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Hundreds of lives will be spared every year in England thanks to a more sensitive cervical screening test rolled out as part of the NHS Long Term Plan.
NHS experts said that there is “potential” to eliminate cervical cancer completely thanks to the change in primary test within the NHS Cervical Cancer Screening Programme, combined with the effectiveness of the HPV vaccine.
The new and more sensitive test now looks for traces of high risk Human Papillomavirus (HPV), which causes nearly all cases of cervical cancer. Any tests that are HPV positive are then checked for abnormal changes of the cervix.
HPV is a group of viruses with more than 100 types, but 14 types can cause cervical cancer as well as some head and neck cancers.
It means that any sign of infection will be spotted at an earlier stage before it could potentially develop into cancer.
Since the beginning of December, every part of the country has had the new way of screening in place.
There are 2,500 new cases of cervical cancer in England every year but research says that a quarter of those could be prevented with this new way of testing.
The introduction is part of the NHS Long Term Plan’s ambitions to catch tens of thousands more cancers earlier, when it is easier to treat and the chance of survival is higher.
Professor Peter Johnson, national clinical director for cancer said: “Screening is one of the most effective ways of protecting against cervical cancer and there is no doubt this new way of testing will save lives. It is vitally important that all eligible people attend for their screening appointments, to keep themselves safe.
“Combined with the success of the HPV vaccine for both boys and girls, we hope that cervical cancer can be eliminated altogether by the NHS in England. The chances of surviving cancer are at a record high, but there is always more we can do, as we continue to deliver our Long Term Plan.”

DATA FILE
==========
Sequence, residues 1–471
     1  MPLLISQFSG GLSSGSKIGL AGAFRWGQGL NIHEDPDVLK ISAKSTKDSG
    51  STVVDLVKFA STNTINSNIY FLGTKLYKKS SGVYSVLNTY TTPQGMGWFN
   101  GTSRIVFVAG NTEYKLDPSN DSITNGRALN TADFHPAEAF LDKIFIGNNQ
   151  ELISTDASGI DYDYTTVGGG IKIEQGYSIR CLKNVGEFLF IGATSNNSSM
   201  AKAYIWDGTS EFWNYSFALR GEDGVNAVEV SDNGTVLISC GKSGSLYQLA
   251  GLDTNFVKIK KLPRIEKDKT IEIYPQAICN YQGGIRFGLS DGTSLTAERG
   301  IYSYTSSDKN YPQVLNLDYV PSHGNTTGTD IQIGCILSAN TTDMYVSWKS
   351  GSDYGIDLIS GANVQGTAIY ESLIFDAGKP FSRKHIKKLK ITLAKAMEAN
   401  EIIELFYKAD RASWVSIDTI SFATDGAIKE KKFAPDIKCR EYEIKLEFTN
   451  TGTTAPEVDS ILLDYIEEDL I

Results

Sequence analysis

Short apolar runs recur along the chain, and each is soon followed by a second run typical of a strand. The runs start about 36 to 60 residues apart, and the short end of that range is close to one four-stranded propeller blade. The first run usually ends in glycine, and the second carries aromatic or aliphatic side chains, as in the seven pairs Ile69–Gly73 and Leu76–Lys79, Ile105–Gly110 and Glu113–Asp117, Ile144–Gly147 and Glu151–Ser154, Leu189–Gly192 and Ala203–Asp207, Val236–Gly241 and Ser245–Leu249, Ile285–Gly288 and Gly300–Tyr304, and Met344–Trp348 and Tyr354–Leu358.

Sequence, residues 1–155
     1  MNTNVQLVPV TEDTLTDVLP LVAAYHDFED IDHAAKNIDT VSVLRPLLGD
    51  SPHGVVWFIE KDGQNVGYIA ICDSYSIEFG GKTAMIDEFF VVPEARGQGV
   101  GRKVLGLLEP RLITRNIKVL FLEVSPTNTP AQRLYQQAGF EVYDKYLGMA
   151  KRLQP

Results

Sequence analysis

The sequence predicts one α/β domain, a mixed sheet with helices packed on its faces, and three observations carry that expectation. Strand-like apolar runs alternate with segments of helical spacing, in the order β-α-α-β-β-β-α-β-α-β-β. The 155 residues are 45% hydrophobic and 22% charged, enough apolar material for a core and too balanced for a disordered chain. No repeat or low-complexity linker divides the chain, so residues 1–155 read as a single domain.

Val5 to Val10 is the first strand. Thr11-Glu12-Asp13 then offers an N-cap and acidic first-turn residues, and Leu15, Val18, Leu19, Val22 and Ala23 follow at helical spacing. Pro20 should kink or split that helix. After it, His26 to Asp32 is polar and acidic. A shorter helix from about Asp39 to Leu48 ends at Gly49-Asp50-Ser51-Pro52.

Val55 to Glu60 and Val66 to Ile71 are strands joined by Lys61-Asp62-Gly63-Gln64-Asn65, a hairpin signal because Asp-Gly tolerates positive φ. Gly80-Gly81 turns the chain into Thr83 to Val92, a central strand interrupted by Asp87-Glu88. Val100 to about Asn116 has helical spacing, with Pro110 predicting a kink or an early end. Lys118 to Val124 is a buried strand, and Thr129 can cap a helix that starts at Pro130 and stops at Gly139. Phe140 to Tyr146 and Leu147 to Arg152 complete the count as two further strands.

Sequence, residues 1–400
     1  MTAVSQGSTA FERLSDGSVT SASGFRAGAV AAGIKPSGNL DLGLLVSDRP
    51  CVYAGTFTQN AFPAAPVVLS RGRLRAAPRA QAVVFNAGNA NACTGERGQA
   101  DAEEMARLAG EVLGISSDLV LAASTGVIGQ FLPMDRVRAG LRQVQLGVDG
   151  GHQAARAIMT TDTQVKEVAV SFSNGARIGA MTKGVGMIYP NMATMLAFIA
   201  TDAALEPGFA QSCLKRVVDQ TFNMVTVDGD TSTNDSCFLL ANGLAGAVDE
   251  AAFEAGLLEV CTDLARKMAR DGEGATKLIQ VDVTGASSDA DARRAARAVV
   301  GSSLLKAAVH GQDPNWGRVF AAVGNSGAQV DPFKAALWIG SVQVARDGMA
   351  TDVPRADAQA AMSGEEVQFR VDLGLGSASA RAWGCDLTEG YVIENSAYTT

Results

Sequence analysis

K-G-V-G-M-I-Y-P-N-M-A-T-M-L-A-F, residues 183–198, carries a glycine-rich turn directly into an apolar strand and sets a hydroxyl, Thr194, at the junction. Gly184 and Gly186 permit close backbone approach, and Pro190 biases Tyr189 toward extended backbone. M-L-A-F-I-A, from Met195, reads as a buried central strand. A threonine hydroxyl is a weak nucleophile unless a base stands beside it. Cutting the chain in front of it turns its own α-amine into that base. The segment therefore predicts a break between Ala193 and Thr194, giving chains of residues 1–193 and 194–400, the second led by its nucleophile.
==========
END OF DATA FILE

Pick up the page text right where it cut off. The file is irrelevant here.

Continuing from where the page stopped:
Professor Johnson added that cervical cancer often causes no symptoms during the early stages of the disease, which is why it is “especially important that people attend their tests and that those who are eligible get vaccinated against HPV.”
Robert Music, Chief Executive, Jo’s Cervical Cancer Trust said: “It is exciting that we are seeing advances in cervical cancer prevention and must continue to look to the future to make sure our cervical screening programme continues to adapt and evolve.
“The day that cervical cancer is a disease of the past is one we should be aiming to get to as soon as possible. Cervical screening is such an important test, but there are many reasons it can be difficult to attend. We must continue to understand and tackle these to ensure as many women benefit from this far more sensitive test and we save as many cancers diagnoses and lives as possible.”
Professor Anne Mackie, Director of Screening at Public Health England said: “With HPV vaccinations for all year 8 pupils and HPV testing available nationally, cervical cancer promises to become very rare indeed. This is a truly momentous achievement, but to ensure we consign this disease to the past we must keep vaccination rates high and continue to provide safe and acceptable screening for all women.”
Jo Churchill, Public Health Minister said: “Thousands fewer women will be diagnosed with cervical cancer as a result of improved screening services and the HPV vaccine and it’s incredible to think that cervical cancer could be eradicated for good.
“The NHS Long Term Plan has committed to an overhaul of screening programmes, new investment in state of the art technology and a boost in research which will help more people survive cancer each year. I encourage all women to attend screening appointments.”
Joanna Gray, 30 from Manchester said: “I still remember being told that I had HPV and cell changes. It was really scary and made me panic. The doctor at the hospital told me that if I’d left this for another three years then it could have been very, very different. However now I’m all clear and am really grateful that it was caught so early. I think it’s amazing that smear tests prevent cervical cancer before it even has a chance to begin”
The latest figures show that seven in 10 people attended their cervical screening appointment last year but that one million people didn’t attend their appointment.
Women and people with a cervix aged between 24.5 and 49 are eligible for screening every three years, whilst those aged between 50 and 64 should be screened every five years.
The NHS Long Term Plan will transform cancer care across the country with a renewed focus on improved screening to catch three quarters of all cancers at stages one and two.